In option E, however, there is no comma in between every one of Hemingway's wives and were. This leaves us with something that (a) is capable of acting as a subject and (b) is not surrounded by commas the way a modifier in that position should be.

(E2) Strong and interesting women, every one of Hemingway’s wives were

Here it is strong and interesting women that is the modifier.

Author:  lakshya14 [ 24 Dec 2020, 04:54 ]
Post subject:  Re: Each of Hemingway’s wives—Hadley Richardson, Pauline Pfeiffer, Martha

empty_spaces wrote:
Each of Hemingway’s wives—Hadley Richardson, Pauline Pfeiffer, Martha Gelhorn, and Mary Welsh—were strong and interesting women, very different from the often pallid women who populate his novels.


(A) Each of Hemingway’s wives—Hadley Richardson, Pauline Pfeiffer, Martha Gelhorn, and Mary Welsh—were strong and interesting women,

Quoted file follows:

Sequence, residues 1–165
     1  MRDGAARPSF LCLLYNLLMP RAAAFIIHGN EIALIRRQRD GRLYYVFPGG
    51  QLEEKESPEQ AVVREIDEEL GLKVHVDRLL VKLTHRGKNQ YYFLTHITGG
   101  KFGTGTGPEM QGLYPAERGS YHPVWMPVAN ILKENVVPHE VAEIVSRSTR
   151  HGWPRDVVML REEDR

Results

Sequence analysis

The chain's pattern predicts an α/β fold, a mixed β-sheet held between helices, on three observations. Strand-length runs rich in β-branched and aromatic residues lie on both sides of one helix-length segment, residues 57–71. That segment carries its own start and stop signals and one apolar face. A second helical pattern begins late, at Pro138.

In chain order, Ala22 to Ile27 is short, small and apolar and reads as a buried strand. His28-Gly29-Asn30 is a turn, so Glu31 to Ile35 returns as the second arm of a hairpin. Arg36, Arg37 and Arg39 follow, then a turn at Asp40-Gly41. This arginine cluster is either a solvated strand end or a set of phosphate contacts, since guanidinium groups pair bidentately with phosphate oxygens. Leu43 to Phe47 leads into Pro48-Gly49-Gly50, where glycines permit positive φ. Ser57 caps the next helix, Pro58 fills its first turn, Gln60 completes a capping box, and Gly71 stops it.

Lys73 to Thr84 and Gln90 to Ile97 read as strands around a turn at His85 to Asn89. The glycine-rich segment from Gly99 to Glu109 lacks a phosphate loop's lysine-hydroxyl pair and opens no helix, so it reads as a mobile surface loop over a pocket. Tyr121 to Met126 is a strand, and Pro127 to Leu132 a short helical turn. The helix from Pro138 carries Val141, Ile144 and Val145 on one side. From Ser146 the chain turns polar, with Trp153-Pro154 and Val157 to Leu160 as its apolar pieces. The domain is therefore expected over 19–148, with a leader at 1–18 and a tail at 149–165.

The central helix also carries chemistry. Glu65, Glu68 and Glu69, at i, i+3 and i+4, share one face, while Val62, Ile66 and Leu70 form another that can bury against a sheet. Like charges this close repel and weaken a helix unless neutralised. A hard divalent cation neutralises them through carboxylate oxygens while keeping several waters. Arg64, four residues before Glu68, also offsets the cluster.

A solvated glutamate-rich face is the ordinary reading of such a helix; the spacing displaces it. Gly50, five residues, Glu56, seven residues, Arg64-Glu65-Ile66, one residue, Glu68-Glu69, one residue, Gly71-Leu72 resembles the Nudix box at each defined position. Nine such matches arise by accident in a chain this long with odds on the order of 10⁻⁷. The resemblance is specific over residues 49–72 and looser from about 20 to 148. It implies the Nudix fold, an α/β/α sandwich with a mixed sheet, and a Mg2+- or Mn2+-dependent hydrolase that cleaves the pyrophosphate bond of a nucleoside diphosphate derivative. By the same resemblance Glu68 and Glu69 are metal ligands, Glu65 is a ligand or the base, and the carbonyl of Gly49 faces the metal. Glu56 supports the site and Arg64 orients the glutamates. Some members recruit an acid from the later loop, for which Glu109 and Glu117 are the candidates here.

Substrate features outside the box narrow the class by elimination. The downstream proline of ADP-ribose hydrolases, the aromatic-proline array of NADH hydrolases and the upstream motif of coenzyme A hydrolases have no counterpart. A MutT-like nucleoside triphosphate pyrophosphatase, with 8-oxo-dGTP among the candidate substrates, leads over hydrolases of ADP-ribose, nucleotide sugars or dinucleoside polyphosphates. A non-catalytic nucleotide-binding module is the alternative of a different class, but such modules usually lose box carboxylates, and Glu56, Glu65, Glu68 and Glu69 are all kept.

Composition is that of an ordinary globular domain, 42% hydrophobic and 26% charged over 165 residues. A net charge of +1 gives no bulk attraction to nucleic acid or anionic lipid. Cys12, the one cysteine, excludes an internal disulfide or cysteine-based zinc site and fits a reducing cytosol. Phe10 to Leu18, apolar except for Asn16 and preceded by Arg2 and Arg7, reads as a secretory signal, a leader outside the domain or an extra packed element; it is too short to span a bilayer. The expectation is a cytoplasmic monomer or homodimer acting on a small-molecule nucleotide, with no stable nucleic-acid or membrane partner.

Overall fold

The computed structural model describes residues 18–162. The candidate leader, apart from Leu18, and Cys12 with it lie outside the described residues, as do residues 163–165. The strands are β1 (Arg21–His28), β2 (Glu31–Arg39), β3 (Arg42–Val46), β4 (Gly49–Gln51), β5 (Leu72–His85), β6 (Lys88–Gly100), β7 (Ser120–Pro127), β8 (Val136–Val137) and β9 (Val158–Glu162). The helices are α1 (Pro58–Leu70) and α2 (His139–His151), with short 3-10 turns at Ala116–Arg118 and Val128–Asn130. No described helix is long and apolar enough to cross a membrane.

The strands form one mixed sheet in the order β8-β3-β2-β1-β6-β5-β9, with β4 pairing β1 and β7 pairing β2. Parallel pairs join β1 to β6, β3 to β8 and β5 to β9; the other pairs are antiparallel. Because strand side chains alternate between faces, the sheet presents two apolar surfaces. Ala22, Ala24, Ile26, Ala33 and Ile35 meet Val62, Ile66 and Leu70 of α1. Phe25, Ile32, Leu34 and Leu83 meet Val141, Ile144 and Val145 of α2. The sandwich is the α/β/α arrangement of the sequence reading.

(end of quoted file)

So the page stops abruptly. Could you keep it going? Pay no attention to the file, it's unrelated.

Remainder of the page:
(B) Hadley Richardson, Pauline Pfeiffer, Martha Gelhorn, and Mary Welsh—each of them Hemingway’s wives—were strong and interesting women,

(C) Hemingway’s wives—Hadley Richardson, Pauline Pfeiffer, Martha Gelhorn, and Mary Welsh—were all strong and interesting women,

(D) Strong and interesting women—Hadley Richardson, Pauline Pfeiffer, Martha Gelhorn, and Mary Welsh—each a wife of Hemingway, was

(E) Strong and interesting women—Hadley Richardson, Pauline Pfeiffer, Martha Gelhorn, and Mary Welsh—every one of Hemingway’s wives were

Each choice except the third contains errors of agreement. In both the first and last choice, the singular subject (each in the first choice, every one in the last choice) does not agree with the plural verb were, while in the fourth choice, the plural subject women is mismatched with the singular verb was. In the second choice the subject and verb agree, but the descriptive phrase placed between them creates an illogical statement because each cannot be wives; each can be only one of the wives, or a wife.